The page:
SAVANNAH, Ga. (WSAV) — Narcan, a potentially life-saving drug will soon be available to everyone. It’s used to reverse opioid overdoses and it’s something EMS and some police carry with them.
In a few months, you can get your hands on this life-saving drug, too.
“Four minutes, your brain starts losing oxygen to the brain. After six minutes, it starts causing brain death,” said Captain Thomas Herndon, with Chatham Emergency Services.
Herndon added when someone overdoses and goes unconscious, it can damage their brain within minutes. He also said their breathing and heart rates slow down.
EMS workers may begin with CPR and then move to use Narcan to save the person’s life.
Until now, Narcan was either accessible only to emergency responders or through a pharmacy. Wednesday, the FDA approved the sale of Narcan without a prescription, hoping it’ll be on the shelves of pharmacies and supermarkets by the end of summer.
“If you have it on hand, you’re going to save that person’s life,” Herndon said. “Also with that, you know, be cautious.”
WSAV News 3 talked with Dr. Jay Goldstein, an assistant medical director at Memorial Health, who said making it easier to buy Narcan is going to be a game changer when it comes to saving overdose victims.
“So the opportunity to get those medications in and have the reversal is going to be significant,” Goldstein said. “And for the consumer, the ones that are actually doing the drugs, the opportunity not to overdose is going to be huge.”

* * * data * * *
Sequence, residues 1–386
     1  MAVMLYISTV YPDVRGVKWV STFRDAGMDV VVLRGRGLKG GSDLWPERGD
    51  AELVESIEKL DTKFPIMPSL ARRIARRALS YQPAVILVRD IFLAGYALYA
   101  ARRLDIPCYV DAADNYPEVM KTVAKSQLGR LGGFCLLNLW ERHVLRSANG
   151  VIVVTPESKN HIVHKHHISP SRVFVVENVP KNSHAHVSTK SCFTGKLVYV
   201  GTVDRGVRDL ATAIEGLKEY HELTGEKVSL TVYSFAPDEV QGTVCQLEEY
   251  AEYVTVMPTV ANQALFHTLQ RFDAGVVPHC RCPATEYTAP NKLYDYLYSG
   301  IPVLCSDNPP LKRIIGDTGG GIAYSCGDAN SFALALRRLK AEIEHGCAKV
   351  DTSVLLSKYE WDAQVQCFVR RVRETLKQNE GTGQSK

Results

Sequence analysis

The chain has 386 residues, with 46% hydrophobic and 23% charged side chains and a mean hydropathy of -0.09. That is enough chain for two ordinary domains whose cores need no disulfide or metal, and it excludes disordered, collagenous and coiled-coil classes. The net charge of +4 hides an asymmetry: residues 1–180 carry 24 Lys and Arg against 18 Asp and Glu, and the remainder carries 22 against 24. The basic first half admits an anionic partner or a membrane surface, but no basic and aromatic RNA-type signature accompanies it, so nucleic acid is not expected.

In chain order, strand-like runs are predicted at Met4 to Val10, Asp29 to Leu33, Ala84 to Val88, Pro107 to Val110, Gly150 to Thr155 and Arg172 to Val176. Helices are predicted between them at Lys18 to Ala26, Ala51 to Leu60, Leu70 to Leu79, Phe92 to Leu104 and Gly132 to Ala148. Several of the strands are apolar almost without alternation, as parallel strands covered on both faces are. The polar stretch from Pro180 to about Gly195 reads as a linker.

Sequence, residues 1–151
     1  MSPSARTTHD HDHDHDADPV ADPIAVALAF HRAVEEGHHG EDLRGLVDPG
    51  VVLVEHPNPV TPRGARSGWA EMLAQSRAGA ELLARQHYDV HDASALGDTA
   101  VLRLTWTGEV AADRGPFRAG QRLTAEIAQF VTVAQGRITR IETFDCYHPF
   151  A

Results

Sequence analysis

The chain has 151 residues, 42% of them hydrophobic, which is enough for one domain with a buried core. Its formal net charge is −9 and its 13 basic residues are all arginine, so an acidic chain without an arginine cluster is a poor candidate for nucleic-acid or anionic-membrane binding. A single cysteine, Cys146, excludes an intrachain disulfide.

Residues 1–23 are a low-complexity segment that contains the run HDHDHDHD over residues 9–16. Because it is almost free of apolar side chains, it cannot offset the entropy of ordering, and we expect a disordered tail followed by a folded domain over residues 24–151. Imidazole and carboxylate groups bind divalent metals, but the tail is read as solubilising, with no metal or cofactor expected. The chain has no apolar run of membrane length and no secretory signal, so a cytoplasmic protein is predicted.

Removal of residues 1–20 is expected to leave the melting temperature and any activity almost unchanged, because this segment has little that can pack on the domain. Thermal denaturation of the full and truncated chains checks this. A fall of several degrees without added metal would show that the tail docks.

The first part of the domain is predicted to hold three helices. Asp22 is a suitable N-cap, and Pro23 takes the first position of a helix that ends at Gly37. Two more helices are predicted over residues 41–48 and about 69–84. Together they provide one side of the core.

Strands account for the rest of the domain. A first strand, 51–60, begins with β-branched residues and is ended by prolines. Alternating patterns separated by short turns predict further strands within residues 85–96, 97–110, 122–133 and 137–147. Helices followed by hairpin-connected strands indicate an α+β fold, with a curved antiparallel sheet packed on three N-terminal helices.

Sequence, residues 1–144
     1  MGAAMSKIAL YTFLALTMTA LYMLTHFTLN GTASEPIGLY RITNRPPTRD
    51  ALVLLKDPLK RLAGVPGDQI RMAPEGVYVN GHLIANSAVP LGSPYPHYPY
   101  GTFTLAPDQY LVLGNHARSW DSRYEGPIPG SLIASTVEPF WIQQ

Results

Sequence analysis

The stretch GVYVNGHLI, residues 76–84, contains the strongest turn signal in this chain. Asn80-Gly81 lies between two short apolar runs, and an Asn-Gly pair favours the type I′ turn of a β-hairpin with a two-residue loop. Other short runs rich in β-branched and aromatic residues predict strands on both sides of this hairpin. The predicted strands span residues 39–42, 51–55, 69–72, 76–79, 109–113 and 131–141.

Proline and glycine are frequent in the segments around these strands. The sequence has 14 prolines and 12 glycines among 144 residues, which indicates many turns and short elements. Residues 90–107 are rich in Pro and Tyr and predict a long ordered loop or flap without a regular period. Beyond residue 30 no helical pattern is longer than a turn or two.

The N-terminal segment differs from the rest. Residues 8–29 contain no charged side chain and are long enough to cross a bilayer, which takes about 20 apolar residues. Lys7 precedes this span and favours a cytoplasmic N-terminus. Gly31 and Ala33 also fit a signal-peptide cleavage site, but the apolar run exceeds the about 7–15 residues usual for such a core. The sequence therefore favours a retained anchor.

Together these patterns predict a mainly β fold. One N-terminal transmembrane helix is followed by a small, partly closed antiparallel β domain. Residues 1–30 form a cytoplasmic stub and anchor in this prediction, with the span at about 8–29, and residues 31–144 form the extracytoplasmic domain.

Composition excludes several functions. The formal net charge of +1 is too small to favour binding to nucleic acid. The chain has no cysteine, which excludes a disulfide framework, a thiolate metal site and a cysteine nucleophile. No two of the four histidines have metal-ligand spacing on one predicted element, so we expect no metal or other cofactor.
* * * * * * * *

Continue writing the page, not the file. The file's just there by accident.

At first, the drug won’t be cheap, costing an estimated $50 for two doses. Goldstein told WSAV he hopes the drug will get cheaper when it’s more readily available.
“As it becomes more available and potential opportunities for generics to come out. So that way, the cost will really significantly decrease and people have more of the opportunity to get it. And we can prevent those significant intoxication and overdoses and deaths.”
Although it could be life-saving, there is some worry that drug users could rely too much on Narcan. They also may take too many drugs for which Narcan won’t be strong enough. Doctors and EMS professionals say it isn’t a one-and-done drug — patients will still need to go to the nearest hospital for testing and evaluation.
WSAV talked more about the opioid epidemic in our special report “What Your Family Should Know About Opioids.” Visit this link to learn more.